PUNJAB GOVT-PPSC-PATWARI-PSSSB-PSEB-Indian Polity and Fundamental Rights in Indian Constitution

Originally, the Constitution provided for seven Fundamental Rights / मूलतः, संविधान में सात मौलिक अधिकारों के लिए प्रदान किया:-
1. Right to equality (Articles 14–18) 
2. Right to freedom (Articles 19–22) 
3. Right against exploitation (Articles 23–24) 
4. Right to freedom of religion (Articles 25–28) 
5. Cultural and educational rights (Articles 29–30) 
6. Right to property (Article 31) 
7. Right to constitutional remedies (Article 32) 
The right to property was deleted from the Fundamental Rights by the 44th Amendment Act, 1978. It is made a legal right under Article 300-A of the Constitution. So, at present, there are only six Fundamental Rights. 


•Parliament is the supreme legislative body of a country.
Parliament comprises of:(Art.79)b)Lok Sabha (House of the People)
c)Rajya Sabha (Council of States)


-Lok Sabha, as the name itself signifies, is the body of representatives of the people.

-It is the Lower House of Parliament.

-Members of the Lok Sabha are elected by adult universal suffrage and a first-past-the-post system to represent their respective constituencies.

-They hold their seats for five years or until the body is dissolved by the President on the advice of the council of ministers.

-The maximum strength of the House envisaged by the Constitution is 552.

-Which is made up by election of upto 530 members to represent the States, upto 20 members to represent the Union Territories. –
-Two members of the Anglo-Indian Community to be nominated by the Hon’ble President, if,  in his/her opinion, that community is not adequately represented in the House.
-An exercise to redraw Lok Sabha constituencies’ boundaries is carried out by the Boundary Delimitation Commission of India every decade based on the Indian census, last of which was conducted in 2001.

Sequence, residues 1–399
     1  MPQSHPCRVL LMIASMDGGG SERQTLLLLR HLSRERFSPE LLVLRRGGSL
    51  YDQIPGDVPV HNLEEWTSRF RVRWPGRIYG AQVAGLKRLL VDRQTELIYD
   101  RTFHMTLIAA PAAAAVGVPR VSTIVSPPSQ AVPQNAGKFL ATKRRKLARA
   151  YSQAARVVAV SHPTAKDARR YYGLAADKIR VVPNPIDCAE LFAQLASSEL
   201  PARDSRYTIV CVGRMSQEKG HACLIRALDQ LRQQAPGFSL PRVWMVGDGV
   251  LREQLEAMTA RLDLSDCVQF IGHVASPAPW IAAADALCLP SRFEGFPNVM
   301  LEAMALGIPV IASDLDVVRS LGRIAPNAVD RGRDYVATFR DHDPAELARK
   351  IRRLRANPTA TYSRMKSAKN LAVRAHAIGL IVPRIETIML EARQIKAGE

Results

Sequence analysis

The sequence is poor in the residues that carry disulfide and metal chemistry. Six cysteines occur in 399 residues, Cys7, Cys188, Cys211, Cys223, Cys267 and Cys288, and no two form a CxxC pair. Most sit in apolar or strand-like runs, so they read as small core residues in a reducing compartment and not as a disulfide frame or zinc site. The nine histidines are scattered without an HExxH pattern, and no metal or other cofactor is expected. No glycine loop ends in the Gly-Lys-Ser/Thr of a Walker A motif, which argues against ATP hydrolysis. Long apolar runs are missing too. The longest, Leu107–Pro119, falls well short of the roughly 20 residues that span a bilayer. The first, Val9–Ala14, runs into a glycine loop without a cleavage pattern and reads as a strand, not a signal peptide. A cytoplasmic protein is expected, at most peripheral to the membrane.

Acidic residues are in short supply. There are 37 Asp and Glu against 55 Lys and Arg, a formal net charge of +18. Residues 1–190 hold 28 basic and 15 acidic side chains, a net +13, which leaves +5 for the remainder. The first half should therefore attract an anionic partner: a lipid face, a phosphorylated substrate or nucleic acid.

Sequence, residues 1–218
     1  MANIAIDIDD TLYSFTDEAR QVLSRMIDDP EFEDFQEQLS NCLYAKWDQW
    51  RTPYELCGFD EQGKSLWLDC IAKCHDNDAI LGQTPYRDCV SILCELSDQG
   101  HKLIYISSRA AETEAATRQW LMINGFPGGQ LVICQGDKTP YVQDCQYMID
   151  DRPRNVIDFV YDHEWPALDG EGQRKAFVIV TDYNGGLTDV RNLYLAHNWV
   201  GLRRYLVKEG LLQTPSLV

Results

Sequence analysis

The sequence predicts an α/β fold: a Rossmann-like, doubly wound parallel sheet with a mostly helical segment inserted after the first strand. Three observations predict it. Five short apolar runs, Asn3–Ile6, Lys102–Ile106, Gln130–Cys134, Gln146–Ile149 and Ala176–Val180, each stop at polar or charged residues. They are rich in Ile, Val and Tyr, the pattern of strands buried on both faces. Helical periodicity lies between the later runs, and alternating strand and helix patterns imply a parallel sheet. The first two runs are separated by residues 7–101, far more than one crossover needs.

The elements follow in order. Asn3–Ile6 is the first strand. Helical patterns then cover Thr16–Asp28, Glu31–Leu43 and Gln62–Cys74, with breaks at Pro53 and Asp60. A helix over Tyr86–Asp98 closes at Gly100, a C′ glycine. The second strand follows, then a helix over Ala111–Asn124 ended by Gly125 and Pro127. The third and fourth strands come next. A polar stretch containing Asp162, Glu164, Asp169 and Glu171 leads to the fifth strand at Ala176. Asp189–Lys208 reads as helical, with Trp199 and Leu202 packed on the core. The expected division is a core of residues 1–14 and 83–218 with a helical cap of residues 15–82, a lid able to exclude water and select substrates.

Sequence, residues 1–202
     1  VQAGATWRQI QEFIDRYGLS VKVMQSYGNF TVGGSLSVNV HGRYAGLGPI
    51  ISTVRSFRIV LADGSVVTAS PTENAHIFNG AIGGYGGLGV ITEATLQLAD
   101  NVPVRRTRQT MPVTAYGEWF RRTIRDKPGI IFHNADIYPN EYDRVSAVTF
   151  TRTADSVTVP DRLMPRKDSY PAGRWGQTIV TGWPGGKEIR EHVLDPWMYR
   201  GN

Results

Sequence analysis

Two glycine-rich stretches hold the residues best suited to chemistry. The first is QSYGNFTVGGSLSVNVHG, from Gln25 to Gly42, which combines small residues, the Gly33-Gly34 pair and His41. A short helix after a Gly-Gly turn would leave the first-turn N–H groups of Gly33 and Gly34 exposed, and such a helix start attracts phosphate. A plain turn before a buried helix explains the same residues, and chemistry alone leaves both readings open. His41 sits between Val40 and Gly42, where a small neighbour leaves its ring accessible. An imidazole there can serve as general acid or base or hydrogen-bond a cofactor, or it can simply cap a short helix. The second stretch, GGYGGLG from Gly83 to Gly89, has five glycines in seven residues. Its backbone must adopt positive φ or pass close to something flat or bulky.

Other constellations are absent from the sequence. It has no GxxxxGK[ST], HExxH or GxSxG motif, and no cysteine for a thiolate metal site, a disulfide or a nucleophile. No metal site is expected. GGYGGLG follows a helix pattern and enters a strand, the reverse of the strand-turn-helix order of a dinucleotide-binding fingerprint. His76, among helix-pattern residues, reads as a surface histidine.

-In India, such Delimitation Commissions have been constituted 4 times – in 1952 under the Delimitation Commission Act, 1952, in 1963 under Delimitation Commission Act, 1962, in 1973 under Delimitation Act, 1972 and in 2002 under Delimitation Act, 2002.
-The Lok Sabha was duly constituted for the first time on 17 April 1952 after the first General Elections held from 25 October 1951 to 21 February 1952.

-Constitution 61st Amendment Act (1987) has reduced the Age of voting from 21 to 18 years.

Qualifications for Lok Sabaha:(Art.-84)
-He / She should be a citizen of India, and must subscribe before the Election Commission of India an oath or affirmation according to the form set out for the purpose in the Third Schedule of Indian Constitution.
-He / She should not be less than 25 years of age.
-He / She possesses such other qualifications as may be prescribed in that behalf by or under any law made by Parliament.
-He / She should not be proclaimed criminal i.e. they should not be a convict, a confirmed debtor or otherwise disqualified by law; and
-He / She should have his/her name in the electoral rolls in any part of the country.
Speaker and Deputy Speaker:(Art.-93)
– In the Lok Sabha, both presiding officers—the Speaker and the Deputy Speaker- are elected from among its members by a simple majority of members present and voting in the House.

-Shri G. V. Mavalankar was the first Speaker of Lok Sabha (15 May 1952– 27 February 1956)

-Shri M. Ananthasayanam Ayyangar was the first Deputy Speaker (30 May 1952 – 7 March 1956).

-Sumitra Mahajan was elected as the speaker in the 16th Lok Sabha, and is its second woman speaker and

-Shri M. Thambidurai as the deputy speaker.
Powers of Lok Sabha:
-Motions of no confidence against the government can be introduced and passed in the Lok Sabha.
-Money bills can only be introduced in the Lok Sabha, and upon being passed, are sent to the Rajya Sabha, where it can be deliberated on for up to 14 days.

Three sessions of Lok Sabha take place in a year:

Budget session: February to May.

Monsoon session: July to September.

Winter session: November to mid December.

Question Hour:

-The first hour of every sitting is called Question Hour.

Zero Hour:

-The time immediately following the Question Hour has come to be known as “Zero Hour”.

-It starts at around 12 noon and members can, with prior notice to the Speaker, raise issues of importance during this time.

Parliamentary Committees:

There are primarily two kinds of parliamentary committees based on their nature –

-Parliament Standing Committees (PSC) – Permanent in nature, reconstituted time to time with every new election.

-Ad hoc Committees – Created for specific purpose and ceases to exist when that purpose is achieved.